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    Europe: Written question – Germany’s push for coal-fired power stations: failure of a European Green Deal paid for by citizens – E-000165/2023

    January 24, 2023 -


      Source: European Parliament

      Question for written answer E-000165/2023

      to the Commission

      Rule 138

      Alessandro Panza (ID)

      The German Government has given the go-ahead for the expansion of the Garzweiler open-cast coal mine, which already has a surface area of 48 km² and is mainly used to extract lignite, one of the most polluting hard coals.

      By 2021, 30% of electrical energy produced in Germany already came from coal-fired power stations; this decision therefore means increasing the use of this fossil fuel for electrical energy production.

      In 2022, Germany again failed to meet the targets set in 2020 for reducing greenhouse gases, and current policies will only exacerbate the situation.

      The Commission is demanding that European citizens make huge economic sacrifices in the name of a green transition that is being pushed ahead much faster than in the rest of the industrialised world, while refusing to take account of the new and obvious critical issues raised by the war in Ukraine.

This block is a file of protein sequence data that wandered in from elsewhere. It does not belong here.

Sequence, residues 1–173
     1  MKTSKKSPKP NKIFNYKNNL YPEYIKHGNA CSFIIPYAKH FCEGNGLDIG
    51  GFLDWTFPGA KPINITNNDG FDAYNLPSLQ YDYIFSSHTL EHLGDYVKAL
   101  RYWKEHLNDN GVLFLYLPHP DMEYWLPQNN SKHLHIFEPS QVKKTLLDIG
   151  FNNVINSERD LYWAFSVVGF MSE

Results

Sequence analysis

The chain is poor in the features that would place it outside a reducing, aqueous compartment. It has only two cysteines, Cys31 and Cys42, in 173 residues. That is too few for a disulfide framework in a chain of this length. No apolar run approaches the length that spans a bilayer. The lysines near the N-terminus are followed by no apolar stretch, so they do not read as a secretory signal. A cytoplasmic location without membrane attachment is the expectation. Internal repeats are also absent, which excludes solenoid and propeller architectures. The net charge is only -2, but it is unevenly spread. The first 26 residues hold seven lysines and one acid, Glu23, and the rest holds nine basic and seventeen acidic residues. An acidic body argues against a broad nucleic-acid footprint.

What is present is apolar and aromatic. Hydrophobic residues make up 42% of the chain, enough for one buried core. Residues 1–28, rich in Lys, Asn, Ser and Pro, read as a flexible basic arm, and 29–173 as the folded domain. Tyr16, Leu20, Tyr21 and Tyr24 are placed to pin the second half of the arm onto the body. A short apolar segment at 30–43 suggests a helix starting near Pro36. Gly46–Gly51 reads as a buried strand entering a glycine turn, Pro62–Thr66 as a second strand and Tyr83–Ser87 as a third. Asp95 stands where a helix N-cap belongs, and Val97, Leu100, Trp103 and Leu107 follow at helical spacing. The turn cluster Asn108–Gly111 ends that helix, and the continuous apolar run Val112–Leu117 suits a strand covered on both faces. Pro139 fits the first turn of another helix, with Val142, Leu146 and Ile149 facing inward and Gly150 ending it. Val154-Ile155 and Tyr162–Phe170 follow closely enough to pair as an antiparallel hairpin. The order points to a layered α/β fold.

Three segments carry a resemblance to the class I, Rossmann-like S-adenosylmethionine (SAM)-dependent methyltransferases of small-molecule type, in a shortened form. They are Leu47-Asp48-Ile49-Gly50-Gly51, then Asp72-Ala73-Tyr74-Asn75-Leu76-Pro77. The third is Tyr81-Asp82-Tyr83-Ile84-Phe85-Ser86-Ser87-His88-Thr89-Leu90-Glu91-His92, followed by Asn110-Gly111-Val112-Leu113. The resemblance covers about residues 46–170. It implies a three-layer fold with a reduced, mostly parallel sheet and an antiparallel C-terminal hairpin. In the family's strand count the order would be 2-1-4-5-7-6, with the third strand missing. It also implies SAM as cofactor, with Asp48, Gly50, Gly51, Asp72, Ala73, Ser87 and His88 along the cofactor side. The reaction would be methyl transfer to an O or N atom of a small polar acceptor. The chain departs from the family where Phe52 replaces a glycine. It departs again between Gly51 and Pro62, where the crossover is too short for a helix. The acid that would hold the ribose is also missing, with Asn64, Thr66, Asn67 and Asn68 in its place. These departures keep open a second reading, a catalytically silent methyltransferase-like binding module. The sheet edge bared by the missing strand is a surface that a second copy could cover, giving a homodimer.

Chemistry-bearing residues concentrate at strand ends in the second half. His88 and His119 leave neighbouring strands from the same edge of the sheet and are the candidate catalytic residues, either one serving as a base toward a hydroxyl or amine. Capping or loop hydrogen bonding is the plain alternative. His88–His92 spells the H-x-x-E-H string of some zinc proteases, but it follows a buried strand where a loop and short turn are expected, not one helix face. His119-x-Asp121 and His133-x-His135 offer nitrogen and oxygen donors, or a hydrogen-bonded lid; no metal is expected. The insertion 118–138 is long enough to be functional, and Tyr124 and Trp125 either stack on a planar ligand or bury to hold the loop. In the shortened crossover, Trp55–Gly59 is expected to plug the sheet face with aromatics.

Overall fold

In the light of policy decisions such as those taken by Germany, it appears that the Commission thinks that European citizens alone should bear the burden of the ‘zero emissions’ target, as will also be the case under the upcoming Energy Performance of Buildings Directive.

      In view of the above:

      • 1.How does the Commission rate Germany’s coal-based energy production plan, and how can it justify the plan given the objectives of the European Green Deal?
      • 2.Does the Commission not think the plan shows that the Green Deal has now been overtaken by events?

      Submitted: 19.1.2023

      Last updated: 24 January 2023

      MIL OSI Europe News -


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